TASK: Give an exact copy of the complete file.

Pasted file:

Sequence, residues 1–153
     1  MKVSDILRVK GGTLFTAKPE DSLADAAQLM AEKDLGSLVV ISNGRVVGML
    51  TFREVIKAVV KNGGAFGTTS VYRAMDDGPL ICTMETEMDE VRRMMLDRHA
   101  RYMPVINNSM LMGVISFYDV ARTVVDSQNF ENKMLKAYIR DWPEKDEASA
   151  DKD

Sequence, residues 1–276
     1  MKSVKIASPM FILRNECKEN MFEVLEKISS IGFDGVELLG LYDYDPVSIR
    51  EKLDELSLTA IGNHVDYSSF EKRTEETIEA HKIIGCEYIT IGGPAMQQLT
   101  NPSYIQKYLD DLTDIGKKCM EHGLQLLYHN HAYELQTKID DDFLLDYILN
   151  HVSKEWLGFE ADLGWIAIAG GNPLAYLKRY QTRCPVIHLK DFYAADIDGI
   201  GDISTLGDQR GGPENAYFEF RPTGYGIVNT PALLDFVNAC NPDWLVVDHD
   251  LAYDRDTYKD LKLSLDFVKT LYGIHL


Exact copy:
Sequence, residues 1–153
     1  MKVSDILRVK GGTLFTAKPE DSLADAAQLM AEKDLGSLVV ISNGRVVGML
    51  TFREVIKAVV KNGGAFGTTS VYRAMDDGPL ICTMETEMDE VRRMMLDRHA
   101  RYMPVINNSM LMGVISFYDV ARTVVDSQNF ENKMLKAYIR DWPEKDEASA
   151  DKD

Sequence, residues 1–276
     1  MKSVKIASPM FILRNECKEN MFEVLEKISS IGFDGVELLG LYDYDPVSIR
    51  EKLDELSLTA IGNHVDYSSF EKRTEETIEA HKIIGCEYIT IGGPAMQQLT
   101  NPSYIQKYLD DLTDIGKKCM EHGLQLLYHN HAYELQTKID DDFLLDYILN
   151  HVSKEWLGFE ADLGWIAIAG GNPLAYLKRY QTRCPVIHLK DFYAADIDGI
   201  GDISTLGDQR GGPENAYFEF RPTGYGIVNT PALLDFVNAC NPDWLVVDHD
   251  LAYDRDTYKD LKLSLDFVKT LYGIHL